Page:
An Article In Meteorite-Times Magazine
by Martin Horejsi of  Martin Horejsi's Meteorite and Tektite Books


The Rose City Impact Melt

"What's in a name? That which we call a rose

By any other word would smell as sweet."

Romeo and Juliet (II, ii, 1-2)


Had the Rose City meteorite fallen 16 years earlier, its name could have been much different. According to a website, past names for the Rose City area include Ogemaw Springs and Churchill. The city of Rose City was incorporated in 1905, less than two decades before the fall. But by any other name, this stone would still be as sweet!

Ever since I first saw a picture of the Rose City impact melt breccia on an ASU Nininger Award meteorite poster more than a decade ago, my hope has been to acquire a slice of Rose City large enough to show with great detail its exciting innards, a result of the violent cosmic impact forever locked into the stone's geology. And just as January of this year was wrapping up, I had the pleasure of unwrapping a package containing the slice I had hoped for.

This 30g half-slice of Rose City in the author's collection is a by-product of an violent impact; the delicate frozen flow is forever captured in the flowing melt of iron and stone.


At the time of the Rose City fall, October 17th, 1921, it was the fourth meteorite known from Michigan and the second seen to fall. Three fragments were recovered with the pieces weighing in at 6.36kg, 3.18kg, and 1.47kg respectively.

Edmund O. Hovey described the arrival of Rose City and some preliminary studies of this unusual stone in a November 23, 1922 publication for the American Museum of Natural History titled Aerolite from Rose City, Michigan. In the seven-page tome, Hovey writes:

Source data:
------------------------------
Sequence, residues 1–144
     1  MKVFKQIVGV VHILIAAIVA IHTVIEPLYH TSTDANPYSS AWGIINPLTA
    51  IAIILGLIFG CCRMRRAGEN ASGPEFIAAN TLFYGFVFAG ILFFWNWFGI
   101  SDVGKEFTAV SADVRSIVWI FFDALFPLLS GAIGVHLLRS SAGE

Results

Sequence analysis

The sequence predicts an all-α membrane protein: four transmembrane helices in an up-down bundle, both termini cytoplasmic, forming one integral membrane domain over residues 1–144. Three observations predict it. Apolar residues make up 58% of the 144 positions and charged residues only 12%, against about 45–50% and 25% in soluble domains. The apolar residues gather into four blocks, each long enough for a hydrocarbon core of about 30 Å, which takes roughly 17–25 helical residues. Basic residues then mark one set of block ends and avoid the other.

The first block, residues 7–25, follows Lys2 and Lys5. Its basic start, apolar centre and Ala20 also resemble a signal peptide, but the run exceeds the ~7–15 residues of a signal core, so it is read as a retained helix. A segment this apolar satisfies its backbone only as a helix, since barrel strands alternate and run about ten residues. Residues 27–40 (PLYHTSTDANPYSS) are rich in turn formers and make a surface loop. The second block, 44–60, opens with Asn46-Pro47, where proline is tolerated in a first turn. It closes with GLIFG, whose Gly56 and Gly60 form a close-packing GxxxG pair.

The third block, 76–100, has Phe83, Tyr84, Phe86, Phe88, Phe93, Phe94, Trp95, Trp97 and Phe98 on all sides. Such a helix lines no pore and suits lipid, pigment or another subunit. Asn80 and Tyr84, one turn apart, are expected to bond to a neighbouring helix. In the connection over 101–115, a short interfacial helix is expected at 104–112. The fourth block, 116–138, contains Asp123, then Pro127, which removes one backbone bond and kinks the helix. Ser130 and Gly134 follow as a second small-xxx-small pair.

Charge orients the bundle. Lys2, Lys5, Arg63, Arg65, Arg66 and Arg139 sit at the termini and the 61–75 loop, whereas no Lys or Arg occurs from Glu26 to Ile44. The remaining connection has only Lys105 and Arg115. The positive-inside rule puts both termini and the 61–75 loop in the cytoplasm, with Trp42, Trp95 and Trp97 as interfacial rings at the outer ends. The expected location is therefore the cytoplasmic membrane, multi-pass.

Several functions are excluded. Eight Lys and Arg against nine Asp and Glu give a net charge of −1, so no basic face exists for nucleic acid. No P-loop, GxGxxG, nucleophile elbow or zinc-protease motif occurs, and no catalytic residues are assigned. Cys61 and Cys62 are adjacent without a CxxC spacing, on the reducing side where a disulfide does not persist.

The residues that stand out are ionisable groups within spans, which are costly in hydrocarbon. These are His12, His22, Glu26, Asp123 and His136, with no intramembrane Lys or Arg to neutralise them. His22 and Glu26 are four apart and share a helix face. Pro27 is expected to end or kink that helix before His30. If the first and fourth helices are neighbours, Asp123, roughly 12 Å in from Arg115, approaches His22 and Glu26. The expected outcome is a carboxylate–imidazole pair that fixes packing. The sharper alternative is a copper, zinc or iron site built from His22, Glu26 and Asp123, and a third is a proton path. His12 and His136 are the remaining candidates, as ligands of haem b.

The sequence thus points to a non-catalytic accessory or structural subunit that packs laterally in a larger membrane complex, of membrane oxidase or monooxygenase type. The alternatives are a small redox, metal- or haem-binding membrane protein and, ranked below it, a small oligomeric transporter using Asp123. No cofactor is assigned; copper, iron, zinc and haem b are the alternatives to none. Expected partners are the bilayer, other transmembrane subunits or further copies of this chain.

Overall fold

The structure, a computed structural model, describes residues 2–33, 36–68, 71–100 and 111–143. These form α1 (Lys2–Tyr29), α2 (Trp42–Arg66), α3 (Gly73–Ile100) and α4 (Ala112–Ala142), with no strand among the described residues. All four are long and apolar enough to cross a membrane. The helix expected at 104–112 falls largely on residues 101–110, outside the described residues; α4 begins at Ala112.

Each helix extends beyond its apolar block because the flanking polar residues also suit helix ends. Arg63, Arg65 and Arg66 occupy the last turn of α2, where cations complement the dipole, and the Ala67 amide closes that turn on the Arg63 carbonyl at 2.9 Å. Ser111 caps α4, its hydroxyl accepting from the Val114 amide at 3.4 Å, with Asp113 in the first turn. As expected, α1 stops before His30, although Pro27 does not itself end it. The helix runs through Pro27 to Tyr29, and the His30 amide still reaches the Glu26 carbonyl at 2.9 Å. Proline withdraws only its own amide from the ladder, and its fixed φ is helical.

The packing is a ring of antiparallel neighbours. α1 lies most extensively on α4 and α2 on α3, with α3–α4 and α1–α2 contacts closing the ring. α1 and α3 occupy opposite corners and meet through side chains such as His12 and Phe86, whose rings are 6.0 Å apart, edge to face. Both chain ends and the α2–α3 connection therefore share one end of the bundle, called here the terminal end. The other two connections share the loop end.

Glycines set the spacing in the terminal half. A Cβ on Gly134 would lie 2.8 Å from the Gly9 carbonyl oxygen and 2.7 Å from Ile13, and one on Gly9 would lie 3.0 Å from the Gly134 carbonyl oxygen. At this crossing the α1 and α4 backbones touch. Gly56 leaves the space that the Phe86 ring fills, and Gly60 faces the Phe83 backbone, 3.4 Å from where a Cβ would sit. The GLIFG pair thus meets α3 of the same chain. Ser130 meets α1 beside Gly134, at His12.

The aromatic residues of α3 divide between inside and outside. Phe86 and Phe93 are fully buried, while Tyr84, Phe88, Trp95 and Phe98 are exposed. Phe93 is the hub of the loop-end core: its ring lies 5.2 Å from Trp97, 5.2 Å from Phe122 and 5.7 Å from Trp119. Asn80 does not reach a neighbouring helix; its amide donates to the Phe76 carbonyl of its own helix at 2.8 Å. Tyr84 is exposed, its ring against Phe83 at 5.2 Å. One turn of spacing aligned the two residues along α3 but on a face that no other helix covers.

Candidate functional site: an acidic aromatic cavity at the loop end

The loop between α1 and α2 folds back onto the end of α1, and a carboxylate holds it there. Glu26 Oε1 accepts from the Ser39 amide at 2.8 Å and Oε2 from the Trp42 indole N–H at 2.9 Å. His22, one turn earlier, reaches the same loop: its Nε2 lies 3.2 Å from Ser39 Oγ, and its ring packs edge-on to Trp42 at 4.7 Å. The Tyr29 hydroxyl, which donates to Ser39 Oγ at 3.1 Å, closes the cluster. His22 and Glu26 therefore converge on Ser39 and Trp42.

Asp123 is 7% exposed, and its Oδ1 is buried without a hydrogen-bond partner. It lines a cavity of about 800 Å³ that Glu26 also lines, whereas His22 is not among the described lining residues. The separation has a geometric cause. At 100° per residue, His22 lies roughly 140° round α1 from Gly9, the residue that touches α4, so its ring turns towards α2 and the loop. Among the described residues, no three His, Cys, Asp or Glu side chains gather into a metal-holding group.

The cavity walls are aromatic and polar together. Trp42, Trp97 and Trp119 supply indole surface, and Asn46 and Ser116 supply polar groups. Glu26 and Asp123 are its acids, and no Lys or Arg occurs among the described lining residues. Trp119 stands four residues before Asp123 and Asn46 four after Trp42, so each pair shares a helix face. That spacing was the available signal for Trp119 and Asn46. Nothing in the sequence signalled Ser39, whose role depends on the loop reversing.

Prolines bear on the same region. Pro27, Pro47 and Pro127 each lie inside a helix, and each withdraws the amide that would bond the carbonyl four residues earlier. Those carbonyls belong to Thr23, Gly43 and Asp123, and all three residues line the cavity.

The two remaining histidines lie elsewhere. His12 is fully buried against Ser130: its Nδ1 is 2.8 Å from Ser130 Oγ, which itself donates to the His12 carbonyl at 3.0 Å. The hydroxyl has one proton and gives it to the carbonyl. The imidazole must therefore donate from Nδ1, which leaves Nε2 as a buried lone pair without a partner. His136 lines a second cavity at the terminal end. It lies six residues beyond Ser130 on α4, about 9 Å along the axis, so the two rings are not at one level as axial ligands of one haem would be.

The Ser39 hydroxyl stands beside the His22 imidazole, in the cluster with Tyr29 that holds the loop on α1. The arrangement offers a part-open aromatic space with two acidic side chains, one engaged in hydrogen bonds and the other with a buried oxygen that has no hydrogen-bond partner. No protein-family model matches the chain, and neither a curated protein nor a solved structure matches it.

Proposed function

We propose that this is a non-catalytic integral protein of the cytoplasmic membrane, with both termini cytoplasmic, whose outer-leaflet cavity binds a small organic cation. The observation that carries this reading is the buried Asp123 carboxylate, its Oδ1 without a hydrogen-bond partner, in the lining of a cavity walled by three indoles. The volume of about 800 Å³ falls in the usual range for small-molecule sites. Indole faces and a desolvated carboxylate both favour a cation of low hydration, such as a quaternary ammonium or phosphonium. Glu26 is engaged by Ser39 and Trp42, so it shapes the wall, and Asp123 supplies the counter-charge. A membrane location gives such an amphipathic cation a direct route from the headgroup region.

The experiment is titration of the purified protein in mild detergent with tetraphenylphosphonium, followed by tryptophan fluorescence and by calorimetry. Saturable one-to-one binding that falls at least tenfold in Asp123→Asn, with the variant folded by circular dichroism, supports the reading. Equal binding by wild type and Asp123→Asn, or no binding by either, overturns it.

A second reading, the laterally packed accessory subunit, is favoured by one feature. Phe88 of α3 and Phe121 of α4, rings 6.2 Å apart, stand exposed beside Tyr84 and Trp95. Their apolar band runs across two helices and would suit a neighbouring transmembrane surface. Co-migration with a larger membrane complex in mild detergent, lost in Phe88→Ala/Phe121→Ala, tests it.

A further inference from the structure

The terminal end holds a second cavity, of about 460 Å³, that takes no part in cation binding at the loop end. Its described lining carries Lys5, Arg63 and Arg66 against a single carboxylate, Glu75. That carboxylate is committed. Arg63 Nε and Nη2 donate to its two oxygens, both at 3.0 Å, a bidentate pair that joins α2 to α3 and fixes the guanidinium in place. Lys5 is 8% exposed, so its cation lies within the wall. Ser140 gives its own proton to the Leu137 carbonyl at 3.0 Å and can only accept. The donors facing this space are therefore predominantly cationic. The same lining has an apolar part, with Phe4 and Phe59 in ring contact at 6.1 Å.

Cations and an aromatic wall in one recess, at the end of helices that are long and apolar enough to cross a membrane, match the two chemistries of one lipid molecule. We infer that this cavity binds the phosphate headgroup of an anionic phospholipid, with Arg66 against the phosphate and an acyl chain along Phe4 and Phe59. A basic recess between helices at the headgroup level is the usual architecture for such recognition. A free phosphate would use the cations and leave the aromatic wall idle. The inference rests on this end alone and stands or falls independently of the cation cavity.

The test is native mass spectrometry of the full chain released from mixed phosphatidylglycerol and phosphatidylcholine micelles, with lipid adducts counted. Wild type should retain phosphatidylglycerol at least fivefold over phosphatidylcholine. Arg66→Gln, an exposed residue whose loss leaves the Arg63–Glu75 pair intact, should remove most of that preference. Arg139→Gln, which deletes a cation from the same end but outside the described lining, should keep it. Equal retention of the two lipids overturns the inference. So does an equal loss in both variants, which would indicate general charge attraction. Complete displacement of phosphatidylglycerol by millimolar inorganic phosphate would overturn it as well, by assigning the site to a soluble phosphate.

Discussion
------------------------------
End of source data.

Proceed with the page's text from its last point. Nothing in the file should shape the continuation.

"At about eleven o'clock in the evening of October 17, 1921, a meteorite was seen to pass through the sky from N.N.W. to S.S.E. over the northeastern portion of the Lower Peninsula of Michigan. Near Rose City, Ogemaw County, it exploded with the usual accompaniment of several loud reports, and three of the fragments into which it burst have been recovered on the premises of Mr. George Hall about nine miles northeast of this little hamlet, which gives its name to the fall."

To describe Rose City's wild looking melt in his article, Hovey had to dig deep into a colorful vocabulary including the use of the following adjectives and phrases:
    • Pits
    • Knobs
    • Deeply pitted
    • Long stringers
    • Much fractured
    • Stringers of iron
    • Zones of weakness
    • Spongy and irregular
    • Matrix is more fusible
    • Zones of dense cementing
    • Numerous angular cavities
    • Pebbles in a conglomerate
    • Porous or spongy in texture
    • Rounded secondary masses
    • Large pebble-shaped bodies
    • Rupture of the main meteorite
    • Pitting caused by surface melting
    • Irregular areas of a substance of very low relief
    • An abundance of minute particles of opaque black matter



Even a quick glance shows why Hovey had trouble using words to describe what he found inside Rose City.

Notice the small spherical object in the lower right. It appears to be chondrule with a metal center, but more likely it is an odd inclusion of some sort. One of many in this enigmatic matrix.